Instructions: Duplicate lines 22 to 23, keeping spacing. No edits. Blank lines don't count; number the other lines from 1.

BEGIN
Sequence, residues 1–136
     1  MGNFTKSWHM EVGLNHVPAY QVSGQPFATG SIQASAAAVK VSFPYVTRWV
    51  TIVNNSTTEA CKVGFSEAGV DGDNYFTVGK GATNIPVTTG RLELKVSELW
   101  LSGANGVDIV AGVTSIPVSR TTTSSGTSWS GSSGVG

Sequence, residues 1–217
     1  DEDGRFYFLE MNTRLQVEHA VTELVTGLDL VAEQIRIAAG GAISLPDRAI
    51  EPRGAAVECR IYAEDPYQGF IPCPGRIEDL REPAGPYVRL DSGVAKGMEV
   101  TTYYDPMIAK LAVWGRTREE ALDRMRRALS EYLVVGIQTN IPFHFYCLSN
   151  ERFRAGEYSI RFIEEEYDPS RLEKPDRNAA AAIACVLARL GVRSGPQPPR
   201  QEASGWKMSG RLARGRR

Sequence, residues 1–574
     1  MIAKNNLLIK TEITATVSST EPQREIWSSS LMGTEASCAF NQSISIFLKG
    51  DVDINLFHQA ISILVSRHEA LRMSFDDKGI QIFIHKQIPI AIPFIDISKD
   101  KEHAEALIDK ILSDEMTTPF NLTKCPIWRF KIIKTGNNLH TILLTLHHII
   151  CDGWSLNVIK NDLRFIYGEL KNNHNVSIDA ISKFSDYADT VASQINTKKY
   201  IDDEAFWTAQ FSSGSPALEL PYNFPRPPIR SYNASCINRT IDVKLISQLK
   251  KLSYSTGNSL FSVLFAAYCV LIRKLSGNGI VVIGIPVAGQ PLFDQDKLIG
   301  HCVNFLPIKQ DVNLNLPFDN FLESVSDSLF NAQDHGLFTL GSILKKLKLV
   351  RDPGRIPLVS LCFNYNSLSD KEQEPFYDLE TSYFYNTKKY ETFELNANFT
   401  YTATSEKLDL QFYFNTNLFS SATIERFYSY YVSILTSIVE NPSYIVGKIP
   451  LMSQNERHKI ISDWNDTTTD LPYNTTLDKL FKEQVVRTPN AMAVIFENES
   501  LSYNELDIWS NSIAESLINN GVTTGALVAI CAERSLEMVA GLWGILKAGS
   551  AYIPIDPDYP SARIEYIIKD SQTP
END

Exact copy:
   501  LSYNELDIWS NSIAESLINN GVTTGALVAI CAERSLEMVA GLWGILKAGS
   551  AYIPIDPDYP SARIEYIIKD SQTP